MEINRAD KNEER on double bass vocabularies

German bass player Meinrad Kneer has just released his solo album ‘Vocabularies’ on his own label Evil Rabbit Records. An album with only double bass? Yes! The idea of a complete album played with only double bass may seem odd and probably boring, but it is far from that! Through the years Meinrad has developed his own vocabulary on this giant instrument and proves to be a master of improvisation and creator of intriguing sounds. In spite of the fact that every piece is improvised, there’s a story in every one of them and the balance of moods, atmospheres, feelings and tones makes the album a fascinating piece of music with some real ‘wow’-moments. Meinrad Kneer is not just a technical master of his instrument, but also a great musician who creates real content throughout the eleven pieces of ‘Vocabularies’ with final piece 'Music For Bumble Bees' being the ultimate 'wow'!. (Geert Ryssen)

I had an interesting Q & A with Meinrad that puts more light on his playing and his art.

The album is called ‘Vocabularies’. Is it like a study about what you can do on your instrument?

‘The title of my solo album refers to my perception, that each improviser is building a completely personal vocabulary of techniques and sounds on his or her instrument in a life time, which makes him or her instantly recognizable to the experienced listener. Of course this vocabulary will change over time and is therefore constantly in evolution and development. Now, after being somewhat 25 years in the music business, I thought it’s time to harvest and look for what I’ve been achieving so far. The recording is essentially meant to document the state of my artistic development at this point in my life.’

The idea of a complete solo record with only double bass may put of a lot of people off at first sight. On ‘Vocabulary’ you show that it shouldn’t!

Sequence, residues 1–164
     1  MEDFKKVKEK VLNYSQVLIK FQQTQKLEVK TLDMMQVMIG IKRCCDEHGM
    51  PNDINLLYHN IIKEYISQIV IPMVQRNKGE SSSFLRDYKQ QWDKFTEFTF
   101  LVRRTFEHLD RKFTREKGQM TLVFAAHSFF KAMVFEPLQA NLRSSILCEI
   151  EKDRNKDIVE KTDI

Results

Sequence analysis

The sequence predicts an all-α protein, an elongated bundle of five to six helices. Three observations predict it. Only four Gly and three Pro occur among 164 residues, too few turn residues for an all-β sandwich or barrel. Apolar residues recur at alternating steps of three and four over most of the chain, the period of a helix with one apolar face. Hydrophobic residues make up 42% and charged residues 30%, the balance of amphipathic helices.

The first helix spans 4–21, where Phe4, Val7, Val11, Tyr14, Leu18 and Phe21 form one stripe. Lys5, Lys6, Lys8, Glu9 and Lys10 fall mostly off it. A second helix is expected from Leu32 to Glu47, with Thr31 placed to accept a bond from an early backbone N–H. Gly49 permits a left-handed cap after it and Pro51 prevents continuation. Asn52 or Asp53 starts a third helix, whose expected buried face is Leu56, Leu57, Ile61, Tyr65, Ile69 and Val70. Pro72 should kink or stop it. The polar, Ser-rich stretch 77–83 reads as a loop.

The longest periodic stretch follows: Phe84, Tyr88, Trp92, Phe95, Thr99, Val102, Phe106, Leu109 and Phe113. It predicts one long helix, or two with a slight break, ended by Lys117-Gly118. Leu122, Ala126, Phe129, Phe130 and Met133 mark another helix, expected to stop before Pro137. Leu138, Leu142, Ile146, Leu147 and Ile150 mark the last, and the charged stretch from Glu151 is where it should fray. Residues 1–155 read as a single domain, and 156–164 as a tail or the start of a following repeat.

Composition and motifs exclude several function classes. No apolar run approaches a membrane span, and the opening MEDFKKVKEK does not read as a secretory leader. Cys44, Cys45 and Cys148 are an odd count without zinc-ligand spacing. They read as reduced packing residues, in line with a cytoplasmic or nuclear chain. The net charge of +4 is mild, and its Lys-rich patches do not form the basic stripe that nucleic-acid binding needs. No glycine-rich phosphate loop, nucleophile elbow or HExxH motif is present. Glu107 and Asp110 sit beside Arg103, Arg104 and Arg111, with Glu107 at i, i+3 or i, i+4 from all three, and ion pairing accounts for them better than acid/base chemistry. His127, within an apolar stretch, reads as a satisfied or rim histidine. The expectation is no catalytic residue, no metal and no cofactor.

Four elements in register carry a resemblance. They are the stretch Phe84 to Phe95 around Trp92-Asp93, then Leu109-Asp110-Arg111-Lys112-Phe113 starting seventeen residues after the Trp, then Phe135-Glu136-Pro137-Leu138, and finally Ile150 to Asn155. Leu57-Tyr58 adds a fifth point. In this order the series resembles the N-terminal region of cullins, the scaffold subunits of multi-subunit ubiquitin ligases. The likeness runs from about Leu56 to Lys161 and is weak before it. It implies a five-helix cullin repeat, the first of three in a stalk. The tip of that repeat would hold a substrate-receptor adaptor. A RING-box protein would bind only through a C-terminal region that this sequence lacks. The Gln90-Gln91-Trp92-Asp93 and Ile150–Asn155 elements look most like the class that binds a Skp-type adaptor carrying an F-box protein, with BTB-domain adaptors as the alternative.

‘Well, being a double bass player, I love my instrument and its almost endless possibilities and therefore I think it is definitely worth recording a double bass solo record. Of course, like always in music, the player(s) should have something to say to begin with. For me, the instrument is equal to other instruments like the piano, guitar, saxophone, etc. Many amazing bass players have proven that double bass solo recordings can make a beautiful world of their own, just check out Barre Phillips, Barry Guy, Dave Holland, Peter Kowald or Mark Dresser, to name a few. And don’t get me wrong, I don’t see myself in one category with these extraordinary players.’

Are you in search in an active way for new sounds on your instrument?

‘I can’t answer that with a clear yes or no. Being an improviser, I usually find new possibilities while improvising with other players in search of a specific sound that is needed in a specific improvised moment, or while soloing in a group setting. The difficulty is to remember what happened later on and then to be able to reproduce it. But of course, by studying the masters, like for instance the one and only Stefano Scodanibbio, one learns and picks up new techniques. Working with other instrumentalists like the endlessly inspiring violinist Jon Rose or also electronic musicians, you are almost forced to develop new material and sounds while playing. So in the end, it is a mixture of finding and adapting.’

Did you surprise yourself of what is possible with four strings, a pair of hands and a bow?

‘To be honest: no, I wasn’t surprised by myself. I know what I can do on the double bass and what I cannot do. There are certain extended techniques I have been working on over the last few years, but at the end it’s much more important to make these techniques serve my musical ideas and to put them in action without hesitation, in other words, to master them in order to fit into the music.’

How much improvisation is there in the composition and how much improvisation is there in the creation of the sounds you produce?